The role of established Christian churches in attempting to influence the final outcome of the Federal industrial relations legislative framework is examined in the context of the emerging literature on 'new actors' in industrial relations. These churches have a history of intervening in political systems where they anticipate the consequences of government policy and legislation contravenes church doctrine in relation to social and economic justice in the treatment of working people and the unemployed, particularly those most at risk of poverty. Throughout 2005-6, the three main Christian churches and their associated organisations in Australia engaged in media activity, presented submissions to parliamentary committee and engaged in a coalition with social and union groups in the clothing manufacturing industry to amend the Work Choices Bill. They challenged the Federal Government to meet its responsibilities to the most vulnerable workers. It is argued in this paper that in doing so the churches adopted a policy position which constituted a partial and temporary 'new actor' role. The activities of the churches demonstrate that there is a growing diversity of forms of participation in industrial relations which expand the 'patchwork' of actors in a less regulated institutional environment yet affording increased scope for less hierarchical network arrangements. The activities also should indicate to other actors, particularly unions, that they could become a formidable ally.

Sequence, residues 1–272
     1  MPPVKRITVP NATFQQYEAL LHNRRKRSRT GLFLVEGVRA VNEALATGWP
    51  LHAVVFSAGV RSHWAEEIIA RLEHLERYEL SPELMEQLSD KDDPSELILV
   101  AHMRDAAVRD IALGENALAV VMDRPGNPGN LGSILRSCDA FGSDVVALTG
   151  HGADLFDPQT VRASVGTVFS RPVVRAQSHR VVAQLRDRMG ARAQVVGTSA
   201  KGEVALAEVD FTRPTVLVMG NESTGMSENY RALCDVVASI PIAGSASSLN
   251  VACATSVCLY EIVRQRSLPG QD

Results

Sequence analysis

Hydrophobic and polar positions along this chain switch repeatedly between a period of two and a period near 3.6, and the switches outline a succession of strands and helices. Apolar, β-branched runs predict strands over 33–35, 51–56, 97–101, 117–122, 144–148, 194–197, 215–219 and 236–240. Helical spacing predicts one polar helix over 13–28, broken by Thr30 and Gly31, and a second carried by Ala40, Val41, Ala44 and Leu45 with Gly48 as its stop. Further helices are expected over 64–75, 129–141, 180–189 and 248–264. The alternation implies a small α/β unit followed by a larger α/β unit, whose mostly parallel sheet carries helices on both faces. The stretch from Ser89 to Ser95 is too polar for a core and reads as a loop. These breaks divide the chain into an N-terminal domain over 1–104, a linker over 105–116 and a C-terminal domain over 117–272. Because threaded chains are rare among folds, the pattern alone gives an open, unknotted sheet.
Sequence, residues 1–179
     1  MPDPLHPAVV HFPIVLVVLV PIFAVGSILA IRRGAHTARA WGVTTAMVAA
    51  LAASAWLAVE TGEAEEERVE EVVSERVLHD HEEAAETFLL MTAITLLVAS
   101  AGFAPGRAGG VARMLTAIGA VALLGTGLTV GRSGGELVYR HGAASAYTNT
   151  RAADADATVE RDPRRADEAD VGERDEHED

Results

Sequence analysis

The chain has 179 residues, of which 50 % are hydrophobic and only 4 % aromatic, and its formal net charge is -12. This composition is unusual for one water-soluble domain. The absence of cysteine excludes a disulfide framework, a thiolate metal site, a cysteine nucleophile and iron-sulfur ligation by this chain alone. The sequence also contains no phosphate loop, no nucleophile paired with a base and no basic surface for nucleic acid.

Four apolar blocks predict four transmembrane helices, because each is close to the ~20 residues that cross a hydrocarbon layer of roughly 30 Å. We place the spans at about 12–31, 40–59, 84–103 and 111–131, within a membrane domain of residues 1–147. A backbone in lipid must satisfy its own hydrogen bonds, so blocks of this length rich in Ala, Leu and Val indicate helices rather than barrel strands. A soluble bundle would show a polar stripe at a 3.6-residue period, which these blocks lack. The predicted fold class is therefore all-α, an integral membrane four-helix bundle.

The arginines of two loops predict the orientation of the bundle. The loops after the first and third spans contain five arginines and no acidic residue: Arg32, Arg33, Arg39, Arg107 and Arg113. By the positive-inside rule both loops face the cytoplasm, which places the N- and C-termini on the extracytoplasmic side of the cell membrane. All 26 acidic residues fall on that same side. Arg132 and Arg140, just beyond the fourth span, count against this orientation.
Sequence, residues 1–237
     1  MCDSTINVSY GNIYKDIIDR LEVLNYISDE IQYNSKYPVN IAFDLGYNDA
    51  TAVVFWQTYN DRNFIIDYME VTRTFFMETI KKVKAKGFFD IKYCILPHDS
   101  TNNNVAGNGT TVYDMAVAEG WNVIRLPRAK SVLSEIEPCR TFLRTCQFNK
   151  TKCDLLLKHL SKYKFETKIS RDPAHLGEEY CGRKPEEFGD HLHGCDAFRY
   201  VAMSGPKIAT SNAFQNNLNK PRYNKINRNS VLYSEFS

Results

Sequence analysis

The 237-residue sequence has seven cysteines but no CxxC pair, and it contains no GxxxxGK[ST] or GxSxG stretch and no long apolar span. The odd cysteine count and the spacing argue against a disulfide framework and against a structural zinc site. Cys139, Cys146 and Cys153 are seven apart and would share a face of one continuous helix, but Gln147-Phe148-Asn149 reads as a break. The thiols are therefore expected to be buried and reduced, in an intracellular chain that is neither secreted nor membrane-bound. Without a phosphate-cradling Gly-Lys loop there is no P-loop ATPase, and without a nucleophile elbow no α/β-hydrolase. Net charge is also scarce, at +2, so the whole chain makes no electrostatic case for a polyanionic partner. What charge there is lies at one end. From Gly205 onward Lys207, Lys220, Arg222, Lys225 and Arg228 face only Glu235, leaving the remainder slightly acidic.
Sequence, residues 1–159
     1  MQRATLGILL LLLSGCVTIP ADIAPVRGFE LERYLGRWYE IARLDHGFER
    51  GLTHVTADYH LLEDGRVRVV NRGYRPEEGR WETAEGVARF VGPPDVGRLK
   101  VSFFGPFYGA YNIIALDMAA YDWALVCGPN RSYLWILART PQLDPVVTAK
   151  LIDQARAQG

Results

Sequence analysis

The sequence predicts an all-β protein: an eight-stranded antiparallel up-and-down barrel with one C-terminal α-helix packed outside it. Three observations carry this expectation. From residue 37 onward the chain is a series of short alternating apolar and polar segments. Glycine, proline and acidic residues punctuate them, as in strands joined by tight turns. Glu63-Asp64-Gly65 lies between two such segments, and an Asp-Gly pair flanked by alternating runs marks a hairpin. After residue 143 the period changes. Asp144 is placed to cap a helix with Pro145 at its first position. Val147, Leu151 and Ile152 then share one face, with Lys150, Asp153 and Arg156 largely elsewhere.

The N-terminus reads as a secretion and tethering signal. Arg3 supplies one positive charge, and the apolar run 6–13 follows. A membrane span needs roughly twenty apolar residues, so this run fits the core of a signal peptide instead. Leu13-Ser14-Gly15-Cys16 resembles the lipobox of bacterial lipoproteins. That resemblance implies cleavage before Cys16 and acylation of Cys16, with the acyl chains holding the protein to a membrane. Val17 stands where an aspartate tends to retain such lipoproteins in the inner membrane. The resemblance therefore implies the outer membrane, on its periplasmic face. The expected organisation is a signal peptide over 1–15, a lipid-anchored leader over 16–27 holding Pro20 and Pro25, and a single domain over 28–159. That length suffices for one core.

|Title of host publication||7th Pacific Employment Relations Association Conference|
|Place of Publication||Australia?|
|Publication status||Published - 2007|
|Event||7th Pacific Employment Relations Association Conference - Caloundra,QLD, Australia|
Duration: 14 Nov 2007 → 16 Nov 2007
|Conference||7th Pacific Employment Relations Association Conference|
|Period||14/11/07 → 16/11/07|